Street dogs in Mandalay may be in luck, well some of them at least.
Buddhists monks have started a programme to vaccinate the canines in order to prevent them from spreading infectious disease. Along with the medicine, the monks provide the animals with care and keep them away from a more uncertain future.
In Burma, there are millions of stray dogs and entrepreneurial citizens have taken notice. Across the country’s northern border, an individual dog is worth US$ 15 dollars in China – and the buyers are usually from restaurants.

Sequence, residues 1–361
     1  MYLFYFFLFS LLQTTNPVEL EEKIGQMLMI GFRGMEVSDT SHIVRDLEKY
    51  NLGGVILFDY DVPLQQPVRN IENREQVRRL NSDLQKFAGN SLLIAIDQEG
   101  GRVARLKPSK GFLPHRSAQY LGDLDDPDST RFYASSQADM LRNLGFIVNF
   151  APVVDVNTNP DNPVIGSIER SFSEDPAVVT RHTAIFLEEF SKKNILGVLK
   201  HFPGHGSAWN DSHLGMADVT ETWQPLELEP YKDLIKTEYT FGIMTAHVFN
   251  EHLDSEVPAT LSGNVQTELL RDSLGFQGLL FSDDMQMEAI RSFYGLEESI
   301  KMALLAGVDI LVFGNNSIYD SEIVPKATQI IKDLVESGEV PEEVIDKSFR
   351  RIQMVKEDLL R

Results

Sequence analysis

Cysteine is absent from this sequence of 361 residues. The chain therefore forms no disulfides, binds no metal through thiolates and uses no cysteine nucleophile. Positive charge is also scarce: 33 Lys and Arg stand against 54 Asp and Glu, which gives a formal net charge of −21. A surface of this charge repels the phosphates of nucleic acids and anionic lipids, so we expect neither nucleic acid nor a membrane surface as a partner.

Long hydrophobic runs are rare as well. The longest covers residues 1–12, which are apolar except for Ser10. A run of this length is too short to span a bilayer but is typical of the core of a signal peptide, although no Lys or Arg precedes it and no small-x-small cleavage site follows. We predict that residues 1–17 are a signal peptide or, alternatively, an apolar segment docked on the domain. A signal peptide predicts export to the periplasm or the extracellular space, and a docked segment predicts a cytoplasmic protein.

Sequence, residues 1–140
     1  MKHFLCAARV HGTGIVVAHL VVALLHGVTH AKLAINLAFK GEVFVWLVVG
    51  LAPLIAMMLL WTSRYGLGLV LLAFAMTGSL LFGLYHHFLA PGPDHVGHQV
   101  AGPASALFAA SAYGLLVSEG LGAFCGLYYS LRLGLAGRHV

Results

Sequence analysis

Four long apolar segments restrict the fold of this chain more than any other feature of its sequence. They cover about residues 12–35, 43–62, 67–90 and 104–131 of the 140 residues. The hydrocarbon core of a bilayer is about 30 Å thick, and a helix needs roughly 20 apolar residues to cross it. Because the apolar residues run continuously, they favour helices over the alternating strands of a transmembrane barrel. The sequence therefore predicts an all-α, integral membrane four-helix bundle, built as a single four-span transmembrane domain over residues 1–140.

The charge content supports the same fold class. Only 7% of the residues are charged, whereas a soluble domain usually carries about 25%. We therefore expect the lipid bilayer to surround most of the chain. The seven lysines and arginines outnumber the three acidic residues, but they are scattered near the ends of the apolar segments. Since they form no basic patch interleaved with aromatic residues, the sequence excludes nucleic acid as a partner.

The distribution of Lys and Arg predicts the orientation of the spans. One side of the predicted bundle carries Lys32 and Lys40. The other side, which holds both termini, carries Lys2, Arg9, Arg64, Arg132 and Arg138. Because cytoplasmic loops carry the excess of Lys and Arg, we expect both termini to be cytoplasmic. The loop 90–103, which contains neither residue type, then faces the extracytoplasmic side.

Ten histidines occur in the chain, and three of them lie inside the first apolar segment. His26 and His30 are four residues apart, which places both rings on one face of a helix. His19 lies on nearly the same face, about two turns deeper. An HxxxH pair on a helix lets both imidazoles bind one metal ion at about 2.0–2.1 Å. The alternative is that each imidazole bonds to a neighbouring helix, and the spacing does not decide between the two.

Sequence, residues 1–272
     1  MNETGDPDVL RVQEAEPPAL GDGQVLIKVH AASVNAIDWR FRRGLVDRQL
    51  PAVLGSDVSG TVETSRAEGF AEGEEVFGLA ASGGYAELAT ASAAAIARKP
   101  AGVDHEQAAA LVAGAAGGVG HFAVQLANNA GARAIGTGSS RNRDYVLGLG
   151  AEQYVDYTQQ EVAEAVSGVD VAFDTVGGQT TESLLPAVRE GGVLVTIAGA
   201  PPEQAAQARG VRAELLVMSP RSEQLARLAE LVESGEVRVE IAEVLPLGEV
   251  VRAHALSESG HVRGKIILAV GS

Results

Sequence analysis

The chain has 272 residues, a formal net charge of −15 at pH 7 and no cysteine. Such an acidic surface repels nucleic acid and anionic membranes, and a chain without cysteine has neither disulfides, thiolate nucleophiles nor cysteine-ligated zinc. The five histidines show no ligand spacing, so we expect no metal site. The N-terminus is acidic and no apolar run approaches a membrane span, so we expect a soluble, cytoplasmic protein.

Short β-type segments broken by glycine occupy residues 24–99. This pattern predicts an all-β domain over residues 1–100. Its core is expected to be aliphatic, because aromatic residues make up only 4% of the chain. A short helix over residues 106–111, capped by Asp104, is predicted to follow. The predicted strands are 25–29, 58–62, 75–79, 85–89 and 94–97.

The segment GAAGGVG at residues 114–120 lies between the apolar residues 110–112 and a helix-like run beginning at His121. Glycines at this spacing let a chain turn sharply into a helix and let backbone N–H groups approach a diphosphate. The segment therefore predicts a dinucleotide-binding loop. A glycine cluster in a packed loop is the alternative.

However, not everyone in Burma agrees with the practice of trafficking strays into China. A Facebook group ‘People who love and are kind to animals’ are teaming up with the Myanmar Veterinary Association to combat the dog trafficking.
The veterinarians agree that capturing dogs and selling them as livestock an unacceptable way to make a living.
Even though the dogs that are sold in Chinese markets are often strays, some of the unlucky canines also have human owners. If a pet dog does go missing on the street, the owner often has to pay a large sum of money to get their pet returned.
Animal campaigners and some veterinary surgeons have started campaigning for funds to buy the animals back from the traffickers. And one day they hope to run a permanent dog shelter in the city together with local monks.